• Do remove rings, wristwatch etc, before
working on the vehicle – especially the
• Do ensure that any lifting or jacking
equipment has a safe working load rating
adequate for the job.
A few tips
• Don’t attempt to lift a heavy component
which may be beyond your capability – get
• Don’t rush to finish a job, or take
unverified short cuts.
• Don’t use ill-fitting tools which may slip
and cause injury.
• Don’t leave tools or parts lying around
where someone can trip over them. Mop
up oil and fuel spills at once.
• Don’t allow children or pets to play in or
near a vehicle being worked on.
Page 7 of 228
0•7Anti-theft audio system
Anti-theft audio system
Some models are equipped with an audio
system having an anti-theft feature that will
render the stereo inoperative if stolen. If the
power source to the stereo is cut, the stereo
won’t work even if the power source is
immediately re-connected. If your vehicle is
equipped with this anti-theft system, do not
disconnect the battery or remove the stereo
unless you have the individual code number
for the stereo.
Refer to the owner’s handbook suppliedwith the vehicle for more complete
information on this audio system and its anti-
1Turn on the radio. The word “CODE” should
appear on the display.
2Using the station preset selector buttons,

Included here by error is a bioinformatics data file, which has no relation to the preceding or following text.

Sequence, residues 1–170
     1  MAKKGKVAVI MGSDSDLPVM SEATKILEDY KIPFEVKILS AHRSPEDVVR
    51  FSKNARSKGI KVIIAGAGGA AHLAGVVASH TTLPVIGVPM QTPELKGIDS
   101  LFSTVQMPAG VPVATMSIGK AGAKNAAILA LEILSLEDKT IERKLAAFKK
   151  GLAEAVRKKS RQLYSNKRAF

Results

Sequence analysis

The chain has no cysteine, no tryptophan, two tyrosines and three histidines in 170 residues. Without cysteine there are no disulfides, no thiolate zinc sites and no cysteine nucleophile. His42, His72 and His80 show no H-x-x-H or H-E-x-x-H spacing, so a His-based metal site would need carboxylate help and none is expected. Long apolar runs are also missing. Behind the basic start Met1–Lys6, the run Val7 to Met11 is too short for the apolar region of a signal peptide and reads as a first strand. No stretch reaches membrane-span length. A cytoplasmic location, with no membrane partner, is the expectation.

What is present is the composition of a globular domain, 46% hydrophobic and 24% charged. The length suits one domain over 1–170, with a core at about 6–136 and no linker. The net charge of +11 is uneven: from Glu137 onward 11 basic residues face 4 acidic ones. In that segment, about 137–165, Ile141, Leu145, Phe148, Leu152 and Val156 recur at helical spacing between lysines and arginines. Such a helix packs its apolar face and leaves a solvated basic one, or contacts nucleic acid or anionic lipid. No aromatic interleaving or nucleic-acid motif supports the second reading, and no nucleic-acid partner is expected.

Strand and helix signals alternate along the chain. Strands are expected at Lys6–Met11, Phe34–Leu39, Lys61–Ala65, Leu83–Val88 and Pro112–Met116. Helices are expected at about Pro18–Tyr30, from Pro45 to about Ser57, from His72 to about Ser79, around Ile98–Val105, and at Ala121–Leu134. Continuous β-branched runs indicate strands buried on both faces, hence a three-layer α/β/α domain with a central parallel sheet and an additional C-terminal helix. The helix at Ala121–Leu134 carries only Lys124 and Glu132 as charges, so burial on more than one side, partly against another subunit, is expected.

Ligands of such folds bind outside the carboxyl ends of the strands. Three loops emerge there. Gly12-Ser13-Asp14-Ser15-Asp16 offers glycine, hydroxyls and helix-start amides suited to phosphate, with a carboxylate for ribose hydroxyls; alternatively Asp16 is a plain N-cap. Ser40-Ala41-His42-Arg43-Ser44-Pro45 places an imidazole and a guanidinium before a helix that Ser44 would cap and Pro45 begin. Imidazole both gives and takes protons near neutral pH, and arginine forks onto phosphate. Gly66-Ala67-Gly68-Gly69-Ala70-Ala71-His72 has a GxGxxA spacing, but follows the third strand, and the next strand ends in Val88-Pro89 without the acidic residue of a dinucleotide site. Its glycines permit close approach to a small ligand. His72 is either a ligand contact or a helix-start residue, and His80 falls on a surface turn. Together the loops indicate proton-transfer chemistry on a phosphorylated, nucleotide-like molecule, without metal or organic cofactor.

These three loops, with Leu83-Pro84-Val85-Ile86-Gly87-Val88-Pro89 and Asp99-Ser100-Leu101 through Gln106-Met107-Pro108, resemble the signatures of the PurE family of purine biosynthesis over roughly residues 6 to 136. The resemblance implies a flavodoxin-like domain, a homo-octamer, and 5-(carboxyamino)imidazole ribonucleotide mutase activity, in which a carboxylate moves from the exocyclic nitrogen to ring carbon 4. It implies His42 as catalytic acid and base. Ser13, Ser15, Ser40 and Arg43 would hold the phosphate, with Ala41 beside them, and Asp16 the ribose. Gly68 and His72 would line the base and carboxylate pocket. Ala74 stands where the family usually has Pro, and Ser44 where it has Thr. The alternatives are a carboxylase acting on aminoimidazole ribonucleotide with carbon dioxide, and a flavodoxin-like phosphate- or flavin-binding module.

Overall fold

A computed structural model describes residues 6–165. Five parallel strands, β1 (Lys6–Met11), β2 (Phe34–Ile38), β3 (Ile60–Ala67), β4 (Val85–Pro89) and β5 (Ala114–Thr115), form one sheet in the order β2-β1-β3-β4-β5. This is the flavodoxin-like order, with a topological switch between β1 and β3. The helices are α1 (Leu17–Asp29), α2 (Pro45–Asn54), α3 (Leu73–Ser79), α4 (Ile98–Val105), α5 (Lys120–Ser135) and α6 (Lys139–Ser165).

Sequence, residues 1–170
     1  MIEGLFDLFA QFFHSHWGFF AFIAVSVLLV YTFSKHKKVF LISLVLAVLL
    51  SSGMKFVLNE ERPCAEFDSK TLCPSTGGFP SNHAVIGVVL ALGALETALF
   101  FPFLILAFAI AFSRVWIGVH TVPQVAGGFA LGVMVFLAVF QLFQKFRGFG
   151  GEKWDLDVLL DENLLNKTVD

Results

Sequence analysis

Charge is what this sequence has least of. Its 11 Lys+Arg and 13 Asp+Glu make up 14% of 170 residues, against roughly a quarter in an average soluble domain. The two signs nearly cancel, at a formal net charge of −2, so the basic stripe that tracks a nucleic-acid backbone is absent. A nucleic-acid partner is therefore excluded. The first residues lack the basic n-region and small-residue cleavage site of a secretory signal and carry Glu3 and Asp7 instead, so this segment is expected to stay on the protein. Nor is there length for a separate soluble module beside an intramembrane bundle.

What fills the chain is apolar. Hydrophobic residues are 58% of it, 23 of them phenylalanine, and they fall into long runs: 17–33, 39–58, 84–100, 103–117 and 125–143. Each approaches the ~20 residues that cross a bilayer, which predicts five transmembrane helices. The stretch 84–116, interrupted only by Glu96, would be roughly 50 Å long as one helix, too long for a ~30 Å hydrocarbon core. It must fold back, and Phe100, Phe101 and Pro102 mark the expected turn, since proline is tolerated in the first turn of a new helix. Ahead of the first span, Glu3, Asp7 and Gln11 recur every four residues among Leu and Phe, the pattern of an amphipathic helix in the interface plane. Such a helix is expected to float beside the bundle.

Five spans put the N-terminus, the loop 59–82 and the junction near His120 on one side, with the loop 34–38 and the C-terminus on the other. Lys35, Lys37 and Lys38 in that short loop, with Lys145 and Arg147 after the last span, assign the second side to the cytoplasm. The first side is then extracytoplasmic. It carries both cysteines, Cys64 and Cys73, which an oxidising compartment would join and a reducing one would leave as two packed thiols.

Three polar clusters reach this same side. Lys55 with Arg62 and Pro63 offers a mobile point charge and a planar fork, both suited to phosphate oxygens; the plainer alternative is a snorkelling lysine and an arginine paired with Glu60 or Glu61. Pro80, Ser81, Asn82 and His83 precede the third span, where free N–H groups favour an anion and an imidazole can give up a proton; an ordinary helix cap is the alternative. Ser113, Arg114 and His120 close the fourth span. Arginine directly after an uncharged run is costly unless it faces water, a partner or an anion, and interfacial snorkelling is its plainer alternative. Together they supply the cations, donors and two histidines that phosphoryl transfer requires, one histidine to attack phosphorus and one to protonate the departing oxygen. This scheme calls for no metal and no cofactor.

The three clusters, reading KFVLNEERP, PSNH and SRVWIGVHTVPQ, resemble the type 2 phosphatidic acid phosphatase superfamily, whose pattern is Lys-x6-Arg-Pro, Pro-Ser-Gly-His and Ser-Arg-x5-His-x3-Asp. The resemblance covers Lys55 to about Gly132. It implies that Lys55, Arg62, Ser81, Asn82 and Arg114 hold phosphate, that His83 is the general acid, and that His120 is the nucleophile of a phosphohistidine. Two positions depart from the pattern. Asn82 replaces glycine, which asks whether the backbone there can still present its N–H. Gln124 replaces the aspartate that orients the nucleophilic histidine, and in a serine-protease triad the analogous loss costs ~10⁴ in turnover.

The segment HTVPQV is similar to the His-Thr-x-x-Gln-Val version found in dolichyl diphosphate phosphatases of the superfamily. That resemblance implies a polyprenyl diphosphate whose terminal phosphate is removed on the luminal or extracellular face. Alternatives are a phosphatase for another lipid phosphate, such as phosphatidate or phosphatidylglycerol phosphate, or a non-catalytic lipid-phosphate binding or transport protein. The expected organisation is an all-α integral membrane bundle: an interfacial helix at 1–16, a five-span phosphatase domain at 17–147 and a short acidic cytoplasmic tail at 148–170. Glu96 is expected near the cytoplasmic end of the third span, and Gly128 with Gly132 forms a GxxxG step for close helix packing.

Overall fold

enter the five-digit code. If you make a
mistake when entering the code, continue
the five-digit sequence anyway. If you hear
a “beep,” however, stop immediately andstart the sequence over again. Note: Yo u
have three attempts to enter the correct
code. If the correct code isn’t entered in
three tries, you’ll have to wait one hour, with
the radio on, before you enter the codes
5Once the code has been entered correctly,
the word “CODE” should disappear from the
display, and the radio should play (you’ll have
to tune-in and enter your preset stations,
6If you have lost your code number, contact
a BMW dealer service department.
Instrument panel language display
On some later models, disconnecting the
battery may cause the instrument panel
display to default to the German language
(this does not usually apply to UK models). If
it is necessary to reset the correct language
after the battery is reconnected, proceed as
follows. With all the doors shut and theignition on (engine not running), press the trip
reset button until the panel displays the
desired language. There are eight languages
available. If you wish to bypass a particular
selection, release the reset button and press
again - this will cause the display to advance
to the next language. Once the correctlanguage has been selected, continue holding
the reset button until the display reads “I.O.